WND also previously reported that a number of names among ACORN’s “shock troops” have been linked to or convicted of perjury, forgery, identity theft and election fraud in recent years.
Mathew Vadum, a senior editor for the Capital Research Center, released before Obama took office a report titled “ACORN: Who Funds the Weather Underground’s Little Brother?” documenting the troubled past and problems facing the Association of Community Organizations for Reform Now.
The organization for which Obama at one point trained activists and to which he directed grants while aboard the management of the Woods Fund established a reputation for doing pretty much as it pleases, the report said.
While the election 2008 controversies over electoral fraud efforts “have been indelibly imprinted in the public consciousness,” Vadum said, that work is only a “smidgen of what ACORN actually does.”
While ACORN officially went out of business earlier this year, Vadum has documented how most of the people involved simply reported many times to the same offices and same work desks, just under the name of a new organization.
The issue of misbehavior at the polls caught the attention of the public in 2008 when voter intimidation by members of the New Black Panther Party was caught on video:
The Justice Department originally brought a case against the organization and several individuals who witnesses say derided voters with catcalls of “white devil” and “cracker” and told them they should prepare to be “ruled by the black man.”
One poll watcher called police after he reportedly saw one of the men brandishing a nightstick to threaten voters.
“As I walked up, they closed ranks, next to each other,” the witness told Fox News at the time. “So I walked directly in between them, went inside and found the poll watchers. They said they’d been here for about an hour. And they told us not to come outside because a black man is going to win this election no matter what.”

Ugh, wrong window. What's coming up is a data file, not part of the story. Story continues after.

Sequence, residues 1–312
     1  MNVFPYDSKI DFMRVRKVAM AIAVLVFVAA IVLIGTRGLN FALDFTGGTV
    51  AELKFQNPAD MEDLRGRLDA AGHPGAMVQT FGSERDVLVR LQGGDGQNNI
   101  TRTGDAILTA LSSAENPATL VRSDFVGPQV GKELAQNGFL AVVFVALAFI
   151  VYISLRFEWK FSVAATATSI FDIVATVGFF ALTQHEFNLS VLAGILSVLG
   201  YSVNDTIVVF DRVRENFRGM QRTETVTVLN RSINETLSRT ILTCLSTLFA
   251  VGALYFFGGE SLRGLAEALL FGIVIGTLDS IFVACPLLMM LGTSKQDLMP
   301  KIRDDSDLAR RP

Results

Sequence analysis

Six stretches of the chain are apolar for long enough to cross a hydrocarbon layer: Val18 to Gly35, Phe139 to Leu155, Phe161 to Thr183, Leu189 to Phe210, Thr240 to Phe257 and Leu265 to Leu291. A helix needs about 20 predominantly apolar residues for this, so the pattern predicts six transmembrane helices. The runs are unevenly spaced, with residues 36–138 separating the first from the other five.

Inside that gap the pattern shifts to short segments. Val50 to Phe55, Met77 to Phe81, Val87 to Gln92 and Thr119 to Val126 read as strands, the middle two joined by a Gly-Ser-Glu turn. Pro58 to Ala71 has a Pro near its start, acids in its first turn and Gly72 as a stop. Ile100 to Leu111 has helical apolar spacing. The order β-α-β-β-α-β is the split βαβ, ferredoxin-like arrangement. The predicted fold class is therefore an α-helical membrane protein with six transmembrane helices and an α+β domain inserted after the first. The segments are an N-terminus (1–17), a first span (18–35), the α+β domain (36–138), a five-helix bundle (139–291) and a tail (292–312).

He said the man with a nightstick told him, “‘We’re tired of white supremacy,’ and he starts tapping the nightstick in his hand. At which point I said, ‘OK, we’re not going to get in a fistfight right here,’ and I called the police.”
Subsequently, former DOJ attorney J. Christian Adams testified before the U.S. Civil Rights Commission that the Voting Section of Attorney General Eric Holder’s organization is dominated by a “culture of hostility” toward bringing cases against blacks and other minorities who violate voting-rights laws.
Further, two other former U.S. Department of Justice attorneys later corroborated key elements of the explosive allegations by Adams.
One of Adams’ DOJ colleagues, former Voting Section trial attorney Hans A. von Spakovsky, told WND he saw Adams was being attacked in the media for lack of corroboration. He said he knew Adams was telling the truth, so he decided on his own to step forward.
Adams had been ordered by his superiors to drop a case prosecutors already had won against the New Black Panthers. When they were ordered to stop prosecution, Adams and the team of DOJ lawyers had already won the case by default because the New Black Panthers declined to defend themselves in court. At that point in the proceedings, the DOJ team was simply waiting for the judge to assign penalties against the New Black Panthers.